Dr. Patrycja Thompson completed her PhD in 2015 from Dr. Juan Carlos Zúñiga-Pflücker’s laboratory, where she investigated the role of Notch signaling in T cell development and commitment. Now the manager of technology sourcing and evaluation at the Centre for Commercialization of Regenerative Medicine (CCRM), Patrycja shares with us her journey from working on veterinary immunology at the Ontario Veterinary College to analyzing the patentability of new cell and gene therapies.
With her mother running a clinical laboratory in a hospital in Poland and her father an economist-turned-schoolteacher, Patrycja has always had a propensity for asking questions. Bringing with her this innate curiosity when the family moved to Canada, she reminisces on her first-year undergraduate microbiology class, where they were learning about the immune system for the first time and where her passion for immunology first kindled. “I like the idea of this evolutionary tug of war between microorganisms and us, and how things have evolved to adapt and gain survival. “That’s probably also why I started in microbiology, because I thought microbes were really “smart” and more likely to win the war in the end,” she muses.
Following this newfound passion, Patrycja landed her first job at the Ontario Veterinary College in Guelph, where she developed and optimized ELISA-based diagnostic immunological assays. She ended up completing a Master’s in Pathobiology there as well, designing MHC tetramers to isolate T cell clones that were dictating susceptibility of chickens to an avian immunodeficiency virus. “I learned a lot about MHC and T cell biology, regardless of animal model, she explains, “Knowing this, you could potentially develop either better screening assays or vaccines to protect susceptible chickens.” Continuing on this path, Patrycja worked at the Vaccine and Infectious Disease Organization (VIDO) in Saskatoon for a year, developing vaccines for farm animals, such as those against the bovine herpes virus, before deciding it was time to go back to school for her PhD.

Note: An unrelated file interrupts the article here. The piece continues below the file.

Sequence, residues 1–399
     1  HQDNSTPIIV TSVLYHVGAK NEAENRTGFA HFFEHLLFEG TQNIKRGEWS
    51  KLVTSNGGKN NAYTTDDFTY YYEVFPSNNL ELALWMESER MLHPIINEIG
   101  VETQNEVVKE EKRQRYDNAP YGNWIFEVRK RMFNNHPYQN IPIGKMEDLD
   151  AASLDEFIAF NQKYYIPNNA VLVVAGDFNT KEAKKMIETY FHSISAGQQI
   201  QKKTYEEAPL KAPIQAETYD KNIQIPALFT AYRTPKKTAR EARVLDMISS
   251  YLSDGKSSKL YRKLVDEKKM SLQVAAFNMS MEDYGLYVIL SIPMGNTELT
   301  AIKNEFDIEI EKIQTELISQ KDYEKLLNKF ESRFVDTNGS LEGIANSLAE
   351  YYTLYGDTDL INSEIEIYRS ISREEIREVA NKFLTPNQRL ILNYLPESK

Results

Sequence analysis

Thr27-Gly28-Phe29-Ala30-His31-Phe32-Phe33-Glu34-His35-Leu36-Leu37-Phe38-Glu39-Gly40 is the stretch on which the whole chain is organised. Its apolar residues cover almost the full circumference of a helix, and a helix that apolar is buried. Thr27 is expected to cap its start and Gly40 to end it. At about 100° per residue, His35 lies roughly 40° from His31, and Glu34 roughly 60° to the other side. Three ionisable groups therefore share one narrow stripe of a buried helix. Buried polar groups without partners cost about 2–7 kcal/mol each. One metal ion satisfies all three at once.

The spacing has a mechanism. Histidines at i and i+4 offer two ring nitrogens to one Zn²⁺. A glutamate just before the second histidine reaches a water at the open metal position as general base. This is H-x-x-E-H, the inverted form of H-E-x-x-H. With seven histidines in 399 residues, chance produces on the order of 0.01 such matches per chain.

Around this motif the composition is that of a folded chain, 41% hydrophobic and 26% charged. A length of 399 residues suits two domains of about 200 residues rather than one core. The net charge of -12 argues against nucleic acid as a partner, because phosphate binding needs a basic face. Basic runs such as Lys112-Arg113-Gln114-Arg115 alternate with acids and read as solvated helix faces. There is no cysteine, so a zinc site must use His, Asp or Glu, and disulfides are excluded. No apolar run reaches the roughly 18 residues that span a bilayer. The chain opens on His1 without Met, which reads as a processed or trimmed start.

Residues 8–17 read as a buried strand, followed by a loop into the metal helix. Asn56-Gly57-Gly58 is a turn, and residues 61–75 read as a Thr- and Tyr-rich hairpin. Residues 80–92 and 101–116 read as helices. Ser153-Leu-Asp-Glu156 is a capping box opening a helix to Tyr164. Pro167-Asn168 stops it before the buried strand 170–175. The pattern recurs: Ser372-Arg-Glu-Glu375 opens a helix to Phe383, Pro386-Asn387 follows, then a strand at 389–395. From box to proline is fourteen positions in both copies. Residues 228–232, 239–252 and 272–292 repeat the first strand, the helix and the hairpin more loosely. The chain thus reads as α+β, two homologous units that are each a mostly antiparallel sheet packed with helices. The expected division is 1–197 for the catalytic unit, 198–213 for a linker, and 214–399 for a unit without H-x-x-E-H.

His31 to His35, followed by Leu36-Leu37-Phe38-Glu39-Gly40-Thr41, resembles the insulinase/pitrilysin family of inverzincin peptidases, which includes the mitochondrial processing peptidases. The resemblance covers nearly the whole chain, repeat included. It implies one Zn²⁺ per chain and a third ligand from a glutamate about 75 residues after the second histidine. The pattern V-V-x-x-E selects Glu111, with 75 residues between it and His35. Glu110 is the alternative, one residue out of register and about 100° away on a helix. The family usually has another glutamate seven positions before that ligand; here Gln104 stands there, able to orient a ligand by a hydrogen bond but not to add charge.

“I remember Drs. Tania Watts and Eleanor Fish interviewing me on the phone, and how nice the whole experience was” she laughs. Thompson joined JC’s laboratory, where she generated “this extremely complicated mouse model” and uncovered a role for Notch signaling in dictating T cell specification in the bone marrow niche – a discovery of Nature Immunology caliber that upturned the dogma on thymic T cell commitment. After a brief stint in Philadelphia as a post-doctoral fellow, Patrycja decided to return to Toronto with her family. Deciding to move on from academia, she landed a position at the Strategic Research Programs at the Sunnybrook Research Institute, followed by her current job as the manager of technology sourcing and evaluation at the CCRM. She credits her degree in immunology and strong scientific background in helping her towards this new career path. Thus began her exposure to the world of big institutional grants, patents, and commercialization.
Each university is typically associated with a Technology Transfer Office (TTO), which helps academic researchers who are looking to commercialize their discovery can go to initiate the patent application process. CCRM takes this to the next step by bringing the product in-house for further development, thus helping the researcher offset the high production cost of commercialization. Additionally, CCRM also helps the researcher connect with industry partners interested in subsidizing the product. That’s where Patrycja comes in. Applying her strong scientific background, knowledge of patents and market indications, and awareness of the research being done in Toronto, Patrycja’s primary goal is to be an advocate for both the academic researcher and industry partner and to find new academic technologies with the potential to become therapies. This is typically achieved by scouting for new discoveries, scouring through the latest literature, and developing close relationships with researchers and TTOs to encourage them to license their technologies to CCRM. Given the push towards more translational research in academia, Patrycja explains that CCRM can help researchers get their discoveries to the clinic to generate therapies much faster.